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A toolkit for the prevention of type 2 diabetes in Europe

The IMAGE Toolkit for diabetes prevention provides practical information for anyone involved in healthcare and prevention activities for adults at risk of developing type 2 diabetes (which will be referred to throughout as ‘diabetes’). This includes those working in primary andspecialised healthcare services, physicians, physical activity experts, dieticians, nurses, and also others planning or already involved in diabetes prevention interventions (e.g. teachers, business partners). The IMAGE Toolkit for diabetes prevention also provides useful information for local and national politicians and health policy makers interested in creating an environment which facilitateshealthy ageing and the implementation of the WHO recommendation that “we must make the healthy choice the easy choice.”

The IMAGE Toolkit for diabetes prevention is one of the products developed by the European study group of the IMAGE project. It is based on the IMAGE evidence-based guideline and training curriculum for diabetes prevention managers and should preferably be used alongsidethese products. For more information please visit www.image-project.eu

ExEcutivE summary thE nEEd for changE
Why is it time to act? How can I make a difference?

3 5 9

How to budget and finance a prevention programme 13 Checklist “How to start” 14 Spreadsheet / budget calculation for 19 programme costs

BudgEting & financE in a prEvEntion programmE

idEntifyingpEoplE at risk
How to identify people at risk Risk screening tools Finnish diabetes risk score FINDRISC Challenges of working with special consideration groups

21 26 28 29

changing lifEstylE BEhaviours
How to change behaviour Physical activity to prevent diabetes Nutrition and dietary guidance to prevent diabetes Other behaviours to consider Example behaviour change session plans Suggestedprogramme timeline SMART goals Action plan worksheet Physical activity diary Food diary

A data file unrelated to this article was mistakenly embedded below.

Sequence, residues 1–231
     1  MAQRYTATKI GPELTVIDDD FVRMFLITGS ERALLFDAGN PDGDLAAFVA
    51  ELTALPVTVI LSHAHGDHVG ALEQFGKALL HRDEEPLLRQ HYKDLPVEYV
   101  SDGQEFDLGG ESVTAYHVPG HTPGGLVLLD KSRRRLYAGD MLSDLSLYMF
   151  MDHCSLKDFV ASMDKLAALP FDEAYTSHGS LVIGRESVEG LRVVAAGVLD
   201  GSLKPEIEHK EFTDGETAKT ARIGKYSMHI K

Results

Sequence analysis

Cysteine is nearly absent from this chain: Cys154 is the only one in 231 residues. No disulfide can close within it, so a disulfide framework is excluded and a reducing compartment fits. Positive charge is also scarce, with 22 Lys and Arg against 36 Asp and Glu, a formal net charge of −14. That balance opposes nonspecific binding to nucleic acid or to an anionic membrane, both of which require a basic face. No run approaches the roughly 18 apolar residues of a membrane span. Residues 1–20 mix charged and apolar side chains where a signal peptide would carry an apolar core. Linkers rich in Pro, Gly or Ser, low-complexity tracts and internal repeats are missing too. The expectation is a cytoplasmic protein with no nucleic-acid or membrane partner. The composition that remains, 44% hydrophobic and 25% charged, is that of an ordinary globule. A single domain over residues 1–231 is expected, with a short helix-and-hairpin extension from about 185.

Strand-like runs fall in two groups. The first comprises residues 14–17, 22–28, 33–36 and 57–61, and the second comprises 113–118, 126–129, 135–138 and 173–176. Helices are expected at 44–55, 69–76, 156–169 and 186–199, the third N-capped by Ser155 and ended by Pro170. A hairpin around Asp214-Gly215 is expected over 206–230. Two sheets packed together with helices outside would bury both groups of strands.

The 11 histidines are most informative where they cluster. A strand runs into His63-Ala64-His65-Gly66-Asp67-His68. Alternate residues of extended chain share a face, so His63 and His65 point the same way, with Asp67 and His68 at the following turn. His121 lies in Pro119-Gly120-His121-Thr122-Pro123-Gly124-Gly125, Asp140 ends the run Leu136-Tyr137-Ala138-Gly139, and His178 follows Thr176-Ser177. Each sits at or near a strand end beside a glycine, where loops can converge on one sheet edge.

31 36 38 41 42 52 53 55 56 57

The Appendix is highlighted throughout the document by the green stripe down the edge of the page.

advErsE EffEcts of lifEstylE intErvEntions & programmE Evaluation Risks and adverse effects 59 Evaluation and quality assurance 60 IMAGE evaluation and quality assurance 61


Join forcEs to makE a diffErEncE! Background litEraturE

63 65


When we ask people what they value most, health is usually top of the list. While effective care is available for many chronic diseases, the fact remains that for the patient, the tax payer and the whole of society: PREVENTION IS BETTER THAN CURE. Diabetes andits complications are a serious threat to the survival and well-being of an increasing number of people. It is predicted that one in ten Europeans aged 20-79 will have developed diabetes by 2030. Once a disease of old age, diabetes is now common among adults of all ages and is beginning to affect adolescents and even children. Diabetes accounts for up to 18% of total healthcare expenditure inEurope. THE GOOD NEWS IS THAT DIABETES IS PREVENTABLE. Compelling evidence shows that the onset of diabetes can be prevented or delayed greatly in individuals at high risk (people with impaired glucose regulation). Clinical research has shown a reduction in risk of developing diabetes of over 50% following relatively modest changes in lifestyle that include adopting a healthy diet, increasing physicalactivity, and maintaining a healthy body weight. These results have since been reproduced in real-world prevention programmes. Even a delay of a few years in the progression to diabetes is expected to reduce diabetes-related complications, such as heart, kidney and eye disease and, consequently, to reduce the cost to society. A comprehensive approach to diabetes prevention should combine...